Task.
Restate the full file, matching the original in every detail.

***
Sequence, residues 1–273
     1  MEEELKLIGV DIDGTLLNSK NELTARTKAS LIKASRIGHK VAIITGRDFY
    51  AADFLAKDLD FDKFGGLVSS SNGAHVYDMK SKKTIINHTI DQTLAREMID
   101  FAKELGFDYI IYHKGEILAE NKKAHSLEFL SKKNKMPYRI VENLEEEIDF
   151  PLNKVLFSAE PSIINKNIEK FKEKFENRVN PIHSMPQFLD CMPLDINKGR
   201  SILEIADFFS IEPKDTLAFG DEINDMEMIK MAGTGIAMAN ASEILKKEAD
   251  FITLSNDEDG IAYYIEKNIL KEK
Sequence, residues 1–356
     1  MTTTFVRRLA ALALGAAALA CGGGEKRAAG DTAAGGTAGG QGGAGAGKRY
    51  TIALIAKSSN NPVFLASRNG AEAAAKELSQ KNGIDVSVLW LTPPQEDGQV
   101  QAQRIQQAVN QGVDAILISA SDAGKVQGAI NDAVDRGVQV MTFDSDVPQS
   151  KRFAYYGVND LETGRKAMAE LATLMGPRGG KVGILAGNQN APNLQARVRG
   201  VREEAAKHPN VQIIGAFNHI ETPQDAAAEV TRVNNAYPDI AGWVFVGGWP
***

Sequence, residues 1–273
     1  MEEELKLIGV DIDGTLLNSK NELTARTKAS LIKASRIGHK VAIITGRDFY
    51  AADFLAKDLD FDKFGGLVSS SNGAHVYDMK SKKTIINHTI DQTLAREMID
   101  FAKELGFDYI IYHKGEILAE NKKAHSLEFL SKKNKMPYRI VENLEEEIDF
   151  PLNKVLFSAE PSIINKNIEK FKEKFENRVN PIHSMPQFLD CMPLDINKGR
   201  SILEIADFFS IEPKDTLAFG DEINDMEMIK MAGTGIAMAN ASEILKKEAD
   251  FITLSNDEDG IAYYIEKNIL KEK
Sequence, residues 1–356
     1  MTTTFVRRLA ALALGAAALA CGGGEKRAAG DTAAGGTAGG QGGAGAGKRY
    51  TIALIAKSSN NPVFLASRNG AEAAAKELSQ KNGIDVSVLW LTPPQEDGQV
   101  QAQRIQQAVN QGVDAILISA SDAGKVQGAI NDAVDRGVQV MTFDSDVPQS
   151  KRFAYYGVND LETGRKAMAE LATLMGPRGG KVGILAGNQN APNLQARVRG
   201  VREEAAKHPN VQIIGAFNHI ETPQDAAAEV TRVNNAYPDI AGWVFVGGWP